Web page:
And may the peace of God, which passes all understanding, keep our hearts and minds in the knowledge and love of God, and of his Son Jesus Christ our Lord; and the blessing of God Almighty, the Father, the Son, and the Holy Spirit, be among us, and remain with us always. Amen.

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By your endurance you will gain your souls | The martyrs of Charleston

My sight has failed me because of trouble; *
LORD, I have called upon you daily; I have stretched out my hands to you.
Do you work wonders for the dead? *
will those who have died stand up and give you thanks?
Will your loving-kindness be declared in the grave? *
your faithfulness in the land of destruction?
Will your wonders be known in the dark? *
or your righteousness in the country where all is forgotten?
But as for me, O LORD, I cry to you for help; *
in the morning my prayer comes before you. (Psalm 88:10-14)

The Rev. Dr. Eric H.F. Law of the Kaleidoscope Institute, in his book The Wolf Shall Dwell With the Lamb, describes the “Cycle of Gospel Living.”

This cycle is also used in the Education for Ministry program in which mentors and our students reflect on “Living Faithfully in a Multicultural World.”

The psalmist and the martyrs of Charleston — along with the African-American community more generally — have entered the cycle of Gospel living from the point of powerlessness.

How long, O Lord?
Will you forget me for ever?
how long will you hide your face from me? (Psalm 13:1)

Their endurance has united them with the suffering of Jesus on the cross, whose suffering is not the end of the story. The cross leads to the empty tomb, to resurrection, and to the power of life in Christ.

After an event like the shooting at Emmanuel AME Church in Charleston, social media is justifiably full of anger directed toward well-meaning (mostly white) Christians who “have treated the wound of my people carelessly, saying ‘Peace, peace’ when there is no peace” (Jer. 6:14).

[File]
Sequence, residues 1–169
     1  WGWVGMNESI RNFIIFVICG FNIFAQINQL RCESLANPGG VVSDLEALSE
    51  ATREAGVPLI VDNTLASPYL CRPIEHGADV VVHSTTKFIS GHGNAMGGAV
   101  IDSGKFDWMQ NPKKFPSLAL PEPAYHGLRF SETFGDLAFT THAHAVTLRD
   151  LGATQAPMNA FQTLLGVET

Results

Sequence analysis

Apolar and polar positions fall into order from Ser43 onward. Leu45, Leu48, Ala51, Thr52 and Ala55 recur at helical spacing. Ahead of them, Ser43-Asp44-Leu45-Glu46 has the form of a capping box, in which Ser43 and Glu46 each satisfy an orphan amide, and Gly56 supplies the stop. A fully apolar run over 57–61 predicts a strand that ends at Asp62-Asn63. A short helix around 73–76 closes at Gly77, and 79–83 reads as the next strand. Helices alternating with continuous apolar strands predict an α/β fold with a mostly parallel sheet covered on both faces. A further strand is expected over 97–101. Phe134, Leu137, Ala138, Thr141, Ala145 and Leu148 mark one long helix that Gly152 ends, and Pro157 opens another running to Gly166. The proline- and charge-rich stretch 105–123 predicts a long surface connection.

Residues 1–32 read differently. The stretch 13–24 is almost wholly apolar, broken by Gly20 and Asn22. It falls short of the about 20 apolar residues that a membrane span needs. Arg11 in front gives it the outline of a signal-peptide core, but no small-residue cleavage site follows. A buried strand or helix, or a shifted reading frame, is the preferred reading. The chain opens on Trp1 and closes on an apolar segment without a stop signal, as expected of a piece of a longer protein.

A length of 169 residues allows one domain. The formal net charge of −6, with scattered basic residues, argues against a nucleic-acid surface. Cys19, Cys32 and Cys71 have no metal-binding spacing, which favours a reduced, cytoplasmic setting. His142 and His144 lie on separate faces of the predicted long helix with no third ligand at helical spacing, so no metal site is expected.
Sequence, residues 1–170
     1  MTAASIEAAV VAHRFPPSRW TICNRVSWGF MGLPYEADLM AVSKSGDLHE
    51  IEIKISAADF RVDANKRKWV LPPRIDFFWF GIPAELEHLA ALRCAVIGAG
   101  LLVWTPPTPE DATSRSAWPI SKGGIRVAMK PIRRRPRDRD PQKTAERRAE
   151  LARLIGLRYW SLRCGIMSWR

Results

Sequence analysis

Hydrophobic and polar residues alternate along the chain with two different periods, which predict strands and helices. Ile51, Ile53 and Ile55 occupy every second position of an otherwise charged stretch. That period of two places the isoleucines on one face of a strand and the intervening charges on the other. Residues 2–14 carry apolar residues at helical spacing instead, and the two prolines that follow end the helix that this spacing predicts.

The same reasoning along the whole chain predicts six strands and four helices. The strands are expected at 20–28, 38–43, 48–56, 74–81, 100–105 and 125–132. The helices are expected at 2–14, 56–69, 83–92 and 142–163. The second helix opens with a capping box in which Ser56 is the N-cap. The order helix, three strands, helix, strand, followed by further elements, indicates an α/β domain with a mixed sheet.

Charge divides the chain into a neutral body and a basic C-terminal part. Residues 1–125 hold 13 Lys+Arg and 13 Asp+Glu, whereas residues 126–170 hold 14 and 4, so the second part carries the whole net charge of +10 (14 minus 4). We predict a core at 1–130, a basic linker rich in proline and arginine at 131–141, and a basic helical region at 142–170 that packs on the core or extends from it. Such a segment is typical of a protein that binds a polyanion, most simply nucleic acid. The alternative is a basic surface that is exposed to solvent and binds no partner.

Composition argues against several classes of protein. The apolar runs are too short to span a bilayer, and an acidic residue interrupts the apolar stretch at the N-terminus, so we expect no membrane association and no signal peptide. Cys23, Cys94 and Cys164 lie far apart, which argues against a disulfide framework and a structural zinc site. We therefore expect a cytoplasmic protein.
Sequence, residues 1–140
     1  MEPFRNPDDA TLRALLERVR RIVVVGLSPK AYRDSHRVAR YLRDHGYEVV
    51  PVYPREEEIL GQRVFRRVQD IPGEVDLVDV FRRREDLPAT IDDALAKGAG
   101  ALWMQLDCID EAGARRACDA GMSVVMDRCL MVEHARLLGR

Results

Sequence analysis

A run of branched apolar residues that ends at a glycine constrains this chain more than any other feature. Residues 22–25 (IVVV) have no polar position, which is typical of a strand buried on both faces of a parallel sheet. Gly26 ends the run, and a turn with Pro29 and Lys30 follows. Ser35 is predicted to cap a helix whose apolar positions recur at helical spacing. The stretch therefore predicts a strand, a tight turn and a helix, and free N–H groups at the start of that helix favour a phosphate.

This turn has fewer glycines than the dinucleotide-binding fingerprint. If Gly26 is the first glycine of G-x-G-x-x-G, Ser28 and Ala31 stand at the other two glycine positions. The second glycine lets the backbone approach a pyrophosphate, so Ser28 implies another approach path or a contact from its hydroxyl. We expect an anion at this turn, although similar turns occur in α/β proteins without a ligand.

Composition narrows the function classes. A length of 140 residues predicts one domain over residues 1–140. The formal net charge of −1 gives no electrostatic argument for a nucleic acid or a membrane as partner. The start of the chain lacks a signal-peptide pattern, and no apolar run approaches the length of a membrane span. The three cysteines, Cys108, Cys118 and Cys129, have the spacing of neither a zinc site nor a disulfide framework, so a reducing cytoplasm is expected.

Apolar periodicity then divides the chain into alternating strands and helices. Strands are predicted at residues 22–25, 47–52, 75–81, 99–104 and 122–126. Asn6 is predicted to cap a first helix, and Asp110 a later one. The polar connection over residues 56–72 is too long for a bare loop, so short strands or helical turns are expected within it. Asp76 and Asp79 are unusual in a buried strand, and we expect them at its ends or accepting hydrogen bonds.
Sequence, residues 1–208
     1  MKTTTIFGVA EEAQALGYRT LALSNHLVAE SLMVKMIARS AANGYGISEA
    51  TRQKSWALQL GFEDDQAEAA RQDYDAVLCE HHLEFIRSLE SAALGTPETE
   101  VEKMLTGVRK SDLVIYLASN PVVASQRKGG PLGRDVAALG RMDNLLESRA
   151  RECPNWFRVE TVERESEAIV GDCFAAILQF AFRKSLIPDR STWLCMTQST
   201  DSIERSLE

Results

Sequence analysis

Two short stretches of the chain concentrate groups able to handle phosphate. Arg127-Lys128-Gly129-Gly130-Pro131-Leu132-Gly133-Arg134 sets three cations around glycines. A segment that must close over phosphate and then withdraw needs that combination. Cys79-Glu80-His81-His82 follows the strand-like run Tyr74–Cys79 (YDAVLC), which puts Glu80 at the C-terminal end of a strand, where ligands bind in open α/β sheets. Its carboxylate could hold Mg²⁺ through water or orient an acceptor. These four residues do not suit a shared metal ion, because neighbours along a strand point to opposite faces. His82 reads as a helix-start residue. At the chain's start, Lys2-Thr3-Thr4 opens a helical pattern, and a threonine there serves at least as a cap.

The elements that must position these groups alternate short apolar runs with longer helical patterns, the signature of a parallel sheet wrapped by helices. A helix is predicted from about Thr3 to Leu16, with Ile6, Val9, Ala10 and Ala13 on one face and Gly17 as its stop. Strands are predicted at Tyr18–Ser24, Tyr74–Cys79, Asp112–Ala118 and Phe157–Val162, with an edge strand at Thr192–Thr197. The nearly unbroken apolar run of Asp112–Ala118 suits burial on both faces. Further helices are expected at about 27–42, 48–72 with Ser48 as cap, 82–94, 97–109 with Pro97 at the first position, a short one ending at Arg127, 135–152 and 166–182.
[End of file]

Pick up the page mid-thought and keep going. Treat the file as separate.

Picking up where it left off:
In his 1963 Letter From a Birmingham Jail, the Rev. Martin Luther King, Jr. spoke of his disappointment with the “white moderate, who is more devoted to ‘order’ than to justice”:

Shallow understanding from people of good will is more frustrating than absolute misunderstanding from people of ill will. Lukewarm acceptance is much more bewildering than outright rejection.

The problem now (as then) is that we are all speaking about the Gospel, but we are talking past each other.

What we “well-meaning Christians” must understand is that we enter the cycle of Gospel living from a completely different position than many (most?) Christians do.

We participate in the cycle when we give up our power, “just as the Son of Man came not to be served but to serve, and give his life a ransom for many” (Matt. 20:28).

We participate by falling and failing, by giving up our power and privilege, which no one is taking away from us.

Richard Rohr writes in his daily reflection that:

This is why Christianity has as its central symbol of transformation a naked, bleeding man who is the picture of failing, losing, and dying … and who is really winning — and revealing the secret pattern to those who will join him there.

All of us who are Christians participate in the cycle of Gospel living. All of us center our lives on the crucified and risen Jesus.

But we experience the cycle of Gospel living differently from each other, we come to the saving knowledge of Christ’s death and resurrection from different directions, and we must be tender with one another for Jesus’ sake.

A Collect for Fridays

Almighty God, whose most dear Son went not up to joy but first he suffered pain, and entered not into glory before he was crucified: Mercifully grant that we, walking in the way of the cross, may find it none other than the way of life and peace; through Jesus Christ our Lord. Amen. (BCP 99)

A Prayer for Mission

Lord Jesus Christ, you stretched out your arms of love on the hard wood of the cross that everyone might come within the reach of your saving embrace: So clothe us in your Spirit that we, reaching forth our hands in love, may bring those who do not know you to the knowledge and love of you; for the honor of your Name. Amen. (BCP 101)